But they’re also popular within their communities, who tend to enjoy seeing old buildings restored to their former glory. Some of the most successful hotel projects in recent years have been conversions, and they’re a big driver of customer interest.

How can I get involved in a conversion project?

Every conversion requires a different approach from the supplier side. 

As you can imagine, flipping a 120 year old abandoned fire station (see the London Road Fire Station) is a very different job to doing the same with a wartime pillbox bunker (à la the Gruner Bunker St Pauli). 

Some conversions require more input from the AD&C side, with certain projects involving landscape designers, engineers, or environmental technologists. 

Other projects, however, call for more involvement from the F,F&E and O,S&E sectors. This could range from anything to fitting out a brand new lobby, or dressing the staff in uniforms. 

Conversions are most commonly handled by commercial real estate developers, as they have the funds and expertise required to work with these often difficult projects. 

In general, conversions use less building materials than other construction types, so depending on your business, conversion might not be right for you.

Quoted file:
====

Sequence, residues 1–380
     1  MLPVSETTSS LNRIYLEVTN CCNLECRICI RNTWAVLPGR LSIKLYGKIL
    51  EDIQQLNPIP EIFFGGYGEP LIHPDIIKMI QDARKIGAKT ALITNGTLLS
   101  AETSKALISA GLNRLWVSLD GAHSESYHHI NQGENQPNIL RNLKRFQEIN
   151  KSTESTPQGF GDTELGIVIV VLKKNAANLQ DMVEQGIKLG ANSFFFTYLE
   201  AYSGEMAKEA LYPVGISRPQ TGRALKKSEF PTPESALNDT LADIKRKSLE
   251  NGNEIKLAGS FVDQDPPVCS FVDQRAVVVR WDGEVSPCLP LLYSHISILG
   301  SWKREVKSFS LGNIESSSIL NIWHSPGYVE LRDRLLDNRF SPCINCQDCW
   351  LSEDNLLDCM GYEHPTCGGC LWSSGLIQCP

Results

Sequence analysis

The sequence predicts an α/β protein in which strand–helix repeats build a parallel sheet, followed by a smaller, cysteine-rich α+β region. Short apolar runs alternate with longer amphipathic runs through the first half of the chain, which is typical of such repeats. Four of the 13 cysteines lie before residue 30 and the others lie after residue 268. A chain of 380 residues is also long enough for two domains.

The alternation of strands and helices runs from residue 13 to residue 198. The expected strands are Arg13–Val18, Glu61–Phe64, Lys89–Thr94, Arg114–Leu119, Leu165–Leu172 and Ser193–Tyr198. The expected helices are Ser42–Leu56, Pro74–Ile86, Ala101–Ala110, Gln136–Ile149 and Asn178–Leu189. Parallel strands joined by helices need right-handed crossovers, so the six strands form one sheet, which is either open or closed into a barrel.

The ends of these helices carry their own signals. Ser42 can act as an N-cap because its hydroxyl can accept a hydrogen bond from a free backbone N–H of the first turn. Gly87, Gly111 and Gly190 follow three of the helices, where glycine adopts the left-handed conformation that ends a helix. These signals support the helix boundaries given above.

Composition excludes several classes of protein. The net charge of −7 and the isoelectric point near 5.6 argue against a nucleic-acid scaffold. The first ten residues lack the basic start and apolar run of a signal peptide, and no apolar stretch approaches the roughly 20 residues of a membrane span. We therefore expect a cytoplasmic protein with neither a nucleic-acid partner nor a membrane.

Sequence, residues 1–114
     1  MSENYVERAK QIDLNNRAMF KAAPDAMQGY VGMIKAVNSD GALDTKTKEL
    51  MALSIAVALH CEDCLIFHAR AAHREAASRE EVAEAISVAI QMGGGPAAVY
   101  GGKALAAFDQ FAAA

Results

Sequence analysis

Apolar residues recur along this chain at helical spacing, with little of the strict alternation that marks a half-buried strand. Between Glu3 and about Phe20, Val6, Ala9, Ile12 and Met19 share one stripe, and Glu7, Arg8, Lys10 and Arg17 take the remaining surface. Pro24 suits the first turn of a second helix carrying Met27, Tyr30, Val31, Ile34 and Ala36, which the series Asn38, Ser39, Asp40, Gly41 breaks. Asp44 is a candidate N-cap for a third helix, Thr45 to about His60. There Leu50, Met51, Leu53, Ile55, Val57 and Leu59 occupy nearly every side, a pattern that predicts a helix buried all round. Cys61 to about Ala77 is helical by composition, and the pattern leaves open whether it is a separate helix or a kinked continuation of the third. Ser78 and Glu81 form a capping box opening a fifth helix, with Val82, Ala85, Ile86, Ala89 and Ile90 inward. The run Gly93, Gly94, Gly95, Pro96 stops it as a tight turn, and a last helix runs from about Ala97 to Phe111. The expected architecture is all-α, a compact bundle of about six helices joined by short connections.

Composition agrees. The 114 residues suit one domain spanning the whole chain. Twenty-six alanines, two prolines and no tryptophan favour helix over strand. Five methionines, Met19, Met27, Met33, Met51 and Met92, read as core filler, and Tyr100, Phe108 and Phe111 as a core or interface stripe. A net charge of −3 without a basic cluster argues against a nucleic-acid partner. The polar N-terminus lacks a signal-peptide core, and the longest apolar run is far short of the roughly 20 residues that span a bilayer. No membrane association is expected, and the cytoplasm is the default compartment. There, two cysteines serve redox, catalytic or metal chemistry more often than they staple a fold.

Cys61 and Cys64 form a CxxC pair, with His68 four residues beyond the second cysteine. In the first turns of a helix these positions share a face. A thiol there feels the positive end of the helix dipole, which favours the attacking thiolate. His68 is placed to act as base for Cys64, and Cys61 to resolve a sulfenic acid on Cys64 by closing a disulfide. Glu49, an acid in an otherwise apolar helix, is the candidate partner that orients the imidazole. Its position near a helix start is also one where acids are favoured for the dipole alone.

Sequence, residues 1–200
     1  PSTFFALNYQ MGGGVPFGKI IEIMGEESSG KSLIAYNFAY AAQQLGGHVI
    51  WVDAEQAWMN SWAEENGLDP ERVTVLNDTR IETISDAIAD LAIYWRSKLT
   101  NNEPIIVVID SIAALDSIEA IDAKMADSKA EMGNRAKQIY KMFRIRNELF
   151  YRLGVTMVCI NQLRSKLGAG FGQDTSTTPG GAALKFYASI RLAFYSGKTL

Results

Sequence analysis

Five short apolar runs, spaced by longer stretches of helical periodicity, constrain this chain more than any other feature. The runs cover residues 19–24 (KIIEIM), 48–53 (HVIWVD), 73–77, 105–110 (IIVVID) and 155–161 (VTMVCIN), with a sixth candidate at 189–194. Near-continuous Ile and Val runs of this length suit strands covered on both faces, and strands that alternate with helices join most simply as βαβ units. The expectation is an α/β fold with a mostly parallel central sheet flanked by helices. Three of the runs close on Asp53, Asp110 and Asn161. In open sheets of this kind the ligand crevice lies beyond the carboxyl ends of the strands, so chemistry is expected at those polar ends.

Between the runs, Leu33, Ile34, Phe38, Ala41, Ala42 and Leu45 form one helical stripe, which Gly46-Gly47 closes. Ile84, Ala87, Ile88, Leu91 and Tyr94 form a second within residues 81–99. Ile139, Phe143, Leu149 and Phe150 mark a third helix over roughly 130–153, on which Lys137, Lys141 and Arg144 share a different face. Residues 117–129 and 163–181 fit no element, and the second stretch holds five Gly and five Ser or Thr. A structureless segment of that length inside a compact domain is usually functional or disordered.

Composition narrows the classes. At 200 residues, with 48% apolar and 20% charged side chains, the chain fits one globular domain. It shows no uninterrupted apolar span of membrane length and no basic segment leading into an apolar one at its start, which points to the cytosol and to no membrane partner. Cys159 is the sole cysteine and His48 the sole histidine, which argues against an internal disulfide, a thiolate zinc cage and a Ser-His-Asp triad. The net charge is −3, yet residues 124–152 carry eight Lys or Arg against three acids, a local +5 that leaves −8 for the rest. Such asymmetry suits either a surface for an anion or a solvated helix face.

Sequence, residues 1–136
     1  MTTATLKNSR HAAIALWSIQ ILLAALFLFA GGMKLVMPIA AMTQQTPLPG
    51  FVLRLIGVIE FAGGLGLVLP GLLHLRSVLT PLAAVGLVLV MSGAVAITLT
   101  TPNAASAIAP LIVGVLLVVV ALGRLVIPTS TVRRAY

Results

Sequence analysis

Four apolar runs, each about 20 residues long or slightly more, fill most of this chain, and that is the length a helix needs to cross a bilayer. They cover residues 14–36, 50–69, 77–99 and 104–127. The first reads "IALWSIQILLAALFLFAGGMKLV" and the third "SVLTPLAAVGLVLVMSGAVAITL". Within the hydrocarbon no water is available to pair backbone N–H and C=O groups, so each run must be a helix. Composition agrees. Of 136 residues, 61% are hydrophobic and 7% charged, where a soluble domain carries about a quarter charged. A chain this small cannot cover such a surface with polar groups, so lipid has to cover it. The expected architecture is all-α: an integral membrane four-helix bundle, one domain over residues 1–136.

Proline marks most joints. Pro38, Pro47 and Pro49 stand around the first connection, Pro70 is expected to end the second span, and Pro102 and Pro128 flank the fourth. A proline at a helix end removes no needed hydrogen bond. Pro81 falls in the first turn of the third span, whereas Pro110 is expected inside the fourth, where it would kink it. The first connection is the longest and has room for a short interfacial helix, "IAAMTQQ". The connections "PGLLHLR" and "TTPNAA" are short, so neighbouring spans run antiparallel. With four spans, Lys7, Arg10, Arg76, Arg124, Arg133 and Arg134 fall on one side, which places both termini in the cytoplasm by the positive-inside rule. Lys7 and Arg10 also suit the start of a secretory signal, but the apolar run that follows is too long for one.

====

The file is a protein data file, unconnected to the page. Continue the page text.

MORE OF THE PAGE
A conversion case study: London 

So now you know all about hotel conversions, it’s time to take a look at some of the THP team’s favourite upcoming projects. 

London is a perfect city for adaptive reuse to be implemented. Filled with plenty of historic buildings, low on real estate and backed by a rich cultural heritage, the British capital has long been at the forefront of this trend. 

Waldorf Astoria Admiralty Arch

Image Courtesy of Hilton

The Waldorf Astoria at London’s historic Admiralty Arch is one of the most exciting hotel conversions in the city, mostly thanks to the building’s prime location and royal connection. 

The Grade I listed building is located on the Mall, one of the most famous streets in the British capital, with Buckingham Palace just a stone’s throw away.